PMC Wafer 2 review

Can this ingenious hang-on-the-wall speaker compete?

Sound quality was an immediate and very pleasant surprise

TechRadar Verdict

This is an exceptionally clever 'stealth' speaker, which takes unintrusiveness towards invisibility. The restrained sound shows mild bass thickening, but has a beautifully even, delicate and smooth midband, and impressive stereo imaging.


  • +

    Exceptionally unintrusive and discreet


  • -

    Genuine deep bass is limited

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The typical comment made by industry insiders was "they can't possibly work!" when they saw these hang-on-the-wall PMC speakers. They were wrong: the Wafer 2 most certainly is a real hi-fi speaker, even though it looks unlike the stereotypes.

Conceived primarily as partners for flat video displays, there's no obvious reason why they shouldn't be used for stereo music - especially this larger (33.5x57.5x10cm) Wafer 2, which uses a similar 170mm bass/mid driver to PMC's more conventional FB1 floorstander and TB2 standmount, both Best Buys in our reviews.

Despite the enclosure being a totally different shape, it still uses PMC's trademark transmission-line bass loading, featuring an H-pattern twin-line arrangement. It also incorporates several radical and interesting innovations.

Two tweeters are fitted, and you can switch between either, or use both at once. Using just one tweeter enables the speakers to be mounted vertically or horizontally. Using both together 'steers' the treble upwards or downwards, so the speaker can be positioned well below or above ear level (for off-axis centre channel duties). A special absorbent 'stealth baffle' front reduces secondary radiation from the surface next to the drivers.

Silky white

Finished in silky white, grey or black, both Wafer models come in two styles. One is intended to be flush mounted by being recessed into a stud-type wall; the other - reviewed here - fixes onto a solid wall, so that it stands proud by a modest 11cm.

Installation is straightforward: a couple of cleverly tapered wall brackets lock the speaker firmly onto the wall. An oversize grille helps to disguise the box behind, and connection is made via a single terminal pair.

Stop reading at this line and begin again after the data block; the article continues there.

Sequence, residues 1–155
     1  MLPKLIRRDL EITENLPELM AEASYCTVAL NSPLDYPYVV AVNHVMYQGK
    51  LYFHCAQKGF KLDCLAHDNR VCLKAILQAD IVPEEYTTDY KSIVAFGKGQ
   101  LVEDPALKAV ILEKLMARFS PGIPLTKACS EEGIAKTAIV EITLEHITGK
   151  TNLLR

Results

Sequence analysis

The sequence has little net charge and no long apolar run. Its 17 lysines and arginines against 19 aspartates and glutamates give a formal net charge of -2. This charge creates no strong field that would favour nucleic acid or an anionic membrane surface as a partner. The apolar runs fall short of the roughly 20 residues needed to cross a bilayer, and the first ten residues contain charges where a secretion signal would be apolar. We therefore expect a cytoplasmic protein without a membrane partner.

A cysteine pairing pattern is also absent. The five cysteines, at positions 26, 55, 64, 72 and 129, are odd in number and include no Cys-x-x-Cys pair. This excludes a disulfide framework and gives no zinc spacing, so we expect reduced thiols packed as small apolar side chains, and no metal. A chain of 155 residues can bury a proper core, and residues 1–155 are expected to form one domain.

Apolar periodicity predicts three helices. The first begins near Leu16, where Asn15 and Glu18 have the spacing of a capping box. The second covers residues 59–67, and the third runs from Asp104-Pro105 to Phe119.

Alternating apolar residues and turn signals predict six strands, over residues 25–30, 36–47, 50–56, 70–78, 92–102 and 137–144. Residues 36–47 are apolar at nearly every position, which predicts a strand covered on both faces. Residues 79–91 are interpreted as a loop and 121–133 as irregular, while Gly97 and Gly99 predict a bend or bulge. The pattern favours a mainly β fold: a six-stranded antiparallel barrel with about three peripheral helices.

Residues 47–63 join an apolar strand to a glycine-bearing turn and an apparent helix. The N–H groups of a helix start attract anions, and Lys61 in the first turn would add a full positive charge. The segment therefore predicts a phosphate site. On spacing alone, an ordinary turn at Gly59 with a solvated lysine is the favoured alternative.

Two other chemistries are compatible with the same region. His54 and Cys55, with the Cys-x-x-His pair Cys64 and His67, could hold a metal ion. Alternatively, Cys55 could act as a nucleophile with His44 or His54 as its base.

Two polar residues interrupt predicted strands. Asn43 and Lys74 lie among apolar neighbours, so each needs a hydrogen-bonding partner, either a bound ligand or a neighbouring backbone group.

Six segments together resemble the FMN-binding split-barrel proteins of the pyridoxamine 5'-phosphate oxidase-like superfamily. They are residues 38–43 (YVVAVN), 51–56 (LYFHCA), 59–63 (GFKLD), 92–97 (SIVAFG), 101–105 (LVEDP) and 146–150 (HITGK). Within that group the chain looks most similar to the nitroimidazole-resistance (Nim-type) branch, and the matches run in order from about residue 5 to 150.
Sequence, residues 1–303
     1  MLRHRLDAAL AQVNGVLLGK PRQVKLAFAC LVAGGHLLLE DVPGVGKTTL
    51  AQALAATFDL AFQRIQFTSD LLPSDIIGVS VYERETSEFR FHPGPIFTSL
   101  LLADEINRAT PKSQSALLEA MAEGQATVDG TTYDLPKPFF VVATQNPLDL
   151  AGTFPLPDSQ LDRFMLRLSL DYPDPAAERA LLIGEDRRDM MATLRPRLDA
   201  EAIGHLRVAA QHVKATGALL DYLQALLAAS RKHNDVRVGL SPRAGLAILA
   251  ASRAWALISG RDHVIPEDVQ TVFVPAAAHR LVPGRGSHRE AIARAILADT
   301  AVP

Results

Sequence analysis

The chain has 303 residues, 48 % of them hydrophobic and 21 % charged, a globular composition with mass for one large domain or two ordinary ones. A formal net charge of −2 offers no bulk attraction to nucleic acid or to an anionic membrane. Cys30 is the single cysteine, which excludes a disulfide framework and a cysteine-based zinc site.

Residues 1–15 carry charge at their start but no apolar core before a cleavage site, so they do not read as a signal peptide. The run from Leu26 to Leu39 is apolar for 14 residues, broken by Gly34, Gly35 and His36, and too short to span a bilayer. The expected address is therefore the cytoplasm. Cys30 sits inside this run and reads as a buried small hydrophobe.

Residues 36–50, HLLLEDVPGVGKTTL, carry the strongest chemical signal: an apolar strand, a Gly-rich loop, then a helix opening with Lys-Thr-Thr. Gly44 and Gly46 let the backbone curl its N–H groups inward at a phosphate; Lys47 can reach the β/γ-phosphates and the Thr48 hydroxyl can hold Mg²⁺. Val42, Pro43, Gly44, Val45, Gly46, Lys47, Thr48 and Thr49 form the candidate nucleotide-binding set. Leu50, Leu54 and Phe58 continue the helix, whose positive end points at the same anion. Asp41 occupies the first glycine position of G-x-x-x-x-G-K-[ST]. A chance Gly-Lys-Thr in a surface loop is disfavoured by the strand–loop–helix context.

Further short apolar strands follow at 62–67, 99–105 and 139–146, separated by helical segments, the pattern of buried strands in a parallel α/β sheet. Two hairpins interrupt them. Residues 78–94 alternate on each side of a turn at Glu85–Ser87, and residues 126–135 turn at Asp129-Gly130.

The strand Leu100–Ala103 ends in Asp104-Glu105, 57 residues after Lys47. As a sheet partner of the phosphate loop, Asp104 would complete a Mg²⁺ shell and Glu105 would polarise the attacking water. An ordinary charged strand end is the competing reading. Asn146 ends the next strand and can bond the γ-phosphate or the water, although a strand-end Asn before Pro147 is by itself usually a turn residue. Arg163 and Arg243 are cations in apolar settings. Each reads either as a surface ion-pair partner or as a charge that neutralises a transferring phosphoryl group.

Sound quality

Although most hi-fi speakers are intended for free-space siting, close-to-wall is by no means unknown, especially in recording studios where flush 'soffit' mounting is widespread. Both are trade-offs, and while true flush-mounting is preferable, knowing the exact position of a rearward wall means you can take its acoustic influence into account.

The Wafer 2 delivers a far-field in-room averaged balance that holds within a very acceptable /-4dB, from 50Hz up to 1.3kHz. It's not particularly smooth through the bass register, and emphasises the 100-120Hz zone.

The balance is much smoother above 400Hz, though the broad presence, 1.2kHz-4kHz, looks too restrained. While the bass rolls off (gently) below 50Hz, the measurements also confirm this is an easy to drive speaker, thanks to the generous 90dB sensitivity and eight-ohm load.

Sound quality was an immediate and very pleasant surprise, confounding preconceptions predicting wall-reflected midband colorations. It isn't entirely neutral and free from coloration, but the midband is very smooth and even.

Criticisms are minor. There's some mid-bass thickening, which can make bass lines sound strong and add chestiness to male voices. And the presence band can sound restrained, requiring some volume to improve diction.

These are relatively minor reservations in view of the fine midband sweetness, delicacy and transparency. Then, there's the imaging, with surprisingly good depth perspectives. Ultimately, the Wafer 2's bass performance is closer to a TB2 than an FB1 , so there is a price premium to pay for its physical discretion. But the sound is comparable with PMC's conventional speakers, and that makes the Wafer 2 a very impressive achievement. Paul Messenger was the former name of Its staff were at the forefront of the digital publishing revolution, and spearheaded the move to bring consumer technology journalism to its natural home – online. Many of the current TechRadar staff started life a staff writer, covering everything from the emerging smartphone market to the evolving market of personal computers. Think of it as the building blocks of the TechRadar you love today.